|A bracket fungus, on wood.|
Fungi have cells with nuclei. Their cell walls contain chitin, unlike the cell walls of plants, which contain cellulose. These and other differences show that the fungi form a single group of related organisms, called the Eumycota or Eumycetes. They share a common ancestor and are monophyletic group.
Structure[change | edit source]
Reproduction[change | edit source]
Fungi reproduce both sexually and asexually. Some fungi grow mushrooms: these are fruiting bodies. Under the cap there are gills; the gills bear spores that will disperse, and may develop into new fungi. Otherwise, fungi use a sporangium to bear asexual spores by mitosis, or sexual spores by meiosis. The spores are haploid.
Mycelium[change | edit source]
Hyphae[change | edit source]
Symbiosis[change | edit source]
Symbiosis means living together. Lichens are a symbiosis between a fungus and an alga or bacterium. In this partnership the algal cells live inside the fungus tissue. The end result is a new mat-like life-form which clings to rock and other surfaces. About 20% of all fungi are lichenized.
Another important kind of symbiosis is mycorrhiza. This is when a fungus lives inside plant roots; most trees have mycorrhizal roots, and so do many crop plants. Both sides benefit in this arrangement.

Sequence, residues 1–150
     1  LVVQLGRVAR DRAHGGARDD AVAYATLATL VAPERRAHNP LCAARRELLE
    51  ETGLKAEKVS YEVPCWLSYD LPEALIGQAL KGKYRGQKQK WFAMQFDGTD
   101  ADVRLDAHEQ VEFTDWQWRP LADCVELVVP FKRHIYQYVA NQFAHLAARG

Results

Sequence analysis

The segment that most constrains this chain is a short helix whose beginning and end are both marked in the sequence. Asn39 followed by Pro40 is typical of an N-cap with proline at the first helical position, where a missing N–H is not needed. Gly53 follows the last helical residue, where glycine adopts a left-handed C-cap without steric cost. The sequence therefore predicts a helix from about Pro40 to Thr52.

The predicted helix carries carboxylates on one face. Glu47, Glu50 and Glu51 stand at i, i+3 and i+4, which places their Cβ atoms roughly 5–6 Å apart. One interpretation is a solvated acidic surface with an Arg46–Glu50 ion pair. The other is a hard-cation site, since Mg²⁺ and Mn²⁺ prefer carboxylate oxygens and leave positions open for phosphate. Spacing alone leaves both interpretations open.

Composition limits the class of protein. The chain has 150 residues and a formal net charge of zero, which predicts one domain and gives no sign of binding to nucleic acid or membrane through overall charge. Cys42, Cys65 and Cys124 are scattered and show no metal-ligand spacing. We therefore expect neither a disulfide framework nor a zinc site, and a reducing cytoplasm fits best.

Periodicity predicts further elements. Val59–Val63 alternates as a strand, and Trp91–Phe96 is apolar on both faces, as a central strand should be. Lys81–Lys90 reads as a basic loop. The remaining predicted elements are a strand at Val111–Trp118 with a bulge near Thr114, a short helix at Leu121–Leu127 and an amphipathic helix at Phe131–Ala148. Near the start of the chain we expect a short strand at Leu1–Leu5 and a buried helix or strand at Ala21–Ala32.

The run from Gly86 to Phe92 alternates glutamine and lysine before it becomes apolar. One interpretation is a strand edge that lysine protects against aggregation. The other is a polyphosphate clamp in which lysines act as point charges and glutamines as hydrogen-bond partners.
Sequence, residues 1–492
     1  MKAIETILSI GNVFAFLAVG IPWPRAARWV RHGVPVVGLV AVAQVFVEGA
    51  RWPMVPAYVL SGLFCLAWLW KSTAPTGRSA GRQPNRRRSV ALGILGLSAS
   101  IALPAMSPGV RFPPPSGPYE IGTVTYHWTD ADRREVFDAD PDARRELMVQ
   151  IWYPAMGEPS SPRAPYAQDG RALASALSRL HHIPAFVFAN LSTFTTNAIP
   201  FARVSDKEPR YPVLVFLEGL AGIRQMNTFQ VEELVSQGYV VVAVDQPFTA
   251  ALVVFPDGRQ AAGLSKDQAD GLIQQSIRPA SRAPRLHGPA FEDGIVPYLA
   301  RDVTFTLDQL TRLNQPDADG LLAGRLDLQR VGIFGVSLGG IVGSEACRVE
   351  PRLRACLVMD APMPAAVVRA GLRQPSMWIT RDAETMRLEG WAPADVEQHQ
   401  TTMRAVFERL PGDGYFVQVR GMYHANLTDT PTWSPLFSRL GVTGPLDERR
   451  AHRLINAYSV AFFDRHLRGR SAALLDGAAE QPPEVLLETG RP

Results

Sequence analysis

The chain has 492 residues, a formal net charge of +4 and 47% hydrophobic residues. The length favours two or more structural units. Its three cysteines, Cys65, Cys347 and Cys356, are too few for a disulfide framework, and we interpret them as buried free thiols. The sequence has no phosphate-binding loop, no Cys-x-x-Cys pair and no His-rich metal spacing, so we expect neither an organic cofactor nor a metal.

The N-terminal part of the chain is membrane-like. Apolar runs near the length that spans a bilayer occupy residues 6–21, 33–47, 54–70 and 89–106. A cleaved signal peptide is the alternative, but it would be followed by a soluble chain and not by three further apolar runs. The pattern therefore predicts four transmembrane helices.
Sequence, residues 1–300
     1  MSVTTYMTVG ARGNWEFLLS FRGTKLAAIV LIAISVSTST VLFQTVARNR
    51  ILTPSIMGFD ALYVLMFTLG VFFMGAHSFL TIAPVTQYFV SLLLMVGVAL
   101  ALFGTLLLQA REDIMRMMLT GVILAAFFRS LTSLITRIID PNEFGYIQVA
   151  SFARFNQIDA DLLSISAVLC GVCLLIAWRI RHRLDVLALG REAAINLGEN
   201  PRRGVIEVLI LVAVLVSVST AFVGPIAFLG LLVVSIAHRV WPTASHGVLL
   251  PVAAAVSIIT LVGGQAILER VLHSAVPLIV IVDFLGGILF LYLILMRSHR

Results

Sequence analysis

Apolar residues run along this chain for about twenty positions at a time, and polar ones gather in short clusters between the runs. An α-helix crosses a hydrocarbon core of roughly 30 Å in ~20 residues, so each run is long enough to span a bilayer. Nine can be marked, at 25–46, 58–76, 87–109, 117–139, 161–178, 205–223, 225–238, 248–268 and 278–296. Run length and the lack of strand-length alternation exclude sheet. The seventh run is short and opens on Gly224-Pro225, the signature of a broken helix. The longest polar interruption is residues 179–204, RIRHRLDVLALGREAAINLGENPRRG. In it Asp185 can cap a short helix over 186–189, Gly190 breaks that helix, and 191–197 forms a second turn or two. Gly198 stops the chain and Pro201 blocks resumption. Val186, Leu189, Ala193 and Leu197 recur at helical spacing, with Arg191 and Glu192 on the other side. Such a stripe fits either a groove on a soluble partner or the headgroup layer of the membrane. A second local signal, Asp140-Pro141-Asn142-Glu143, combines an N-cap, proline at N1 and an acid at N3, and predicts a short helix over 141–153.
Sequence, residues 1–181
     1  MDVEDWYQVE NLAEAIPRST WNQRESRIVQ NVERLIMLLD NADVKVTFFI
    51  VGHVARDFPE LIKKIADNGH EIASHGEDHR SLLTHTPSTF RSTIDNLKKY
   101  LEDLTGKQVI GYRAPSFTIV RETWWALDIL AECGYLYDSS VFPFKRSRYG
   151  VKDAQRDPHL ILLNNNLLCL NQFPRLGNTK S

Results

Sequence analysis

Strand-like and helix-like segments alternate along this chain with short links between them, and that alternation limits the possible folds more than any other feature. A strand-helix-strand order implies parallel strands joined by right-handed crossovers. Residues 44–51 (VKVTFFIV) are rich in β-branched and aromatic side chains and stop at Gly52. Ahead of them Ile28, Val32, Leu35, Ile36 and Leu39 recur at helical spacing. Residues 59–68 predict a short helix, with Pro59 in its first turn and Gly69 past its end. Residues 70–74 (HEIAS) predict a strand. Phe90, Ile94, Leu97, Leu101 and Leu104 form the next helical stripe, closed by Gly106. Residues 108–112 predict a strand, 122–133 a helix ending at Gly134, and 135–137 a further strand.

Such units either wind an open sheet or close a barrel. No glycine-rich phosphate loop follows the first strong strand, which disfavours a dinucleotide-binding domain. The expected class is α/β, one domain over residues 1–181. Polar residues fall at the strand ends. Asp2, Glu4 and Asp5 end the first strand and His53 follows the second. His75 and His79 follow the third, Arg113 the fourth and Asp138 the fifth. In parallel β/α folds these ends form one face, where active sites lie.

Pathogens[change | edit source]
Some fungi cause crop diseases; others cause serious disease in humans. Some are highly poisonous: never eat a mushroom picked in the wild unless you know what you are doing.
Uses[change | edit source]
- Edible fungi are widely used as human food. Certain types of cheese need a fungal species to be added. The fungi give a unique flavor and texture to the cheese.
- Some fungi produce psychotropic (mind-altering) substances. Several species, most notably Psilocybin mushrooms (colloquially known as magic mushrooms), are taken for their psychedelic properties.
- In modern times, some fungi (for example, Penicillin) have been used as a source of antibiotics. The antibiotics are produced by many fungi as a natural defence against bacteria.
Related pages[change | edit source]
References[change | edit source]
- Margulis L. Schwartz K.V. & Dolan M. 1999. Diversity of life: the illustrated guide to the five kingdoms. Jones & Bartlett, Sudbury MA.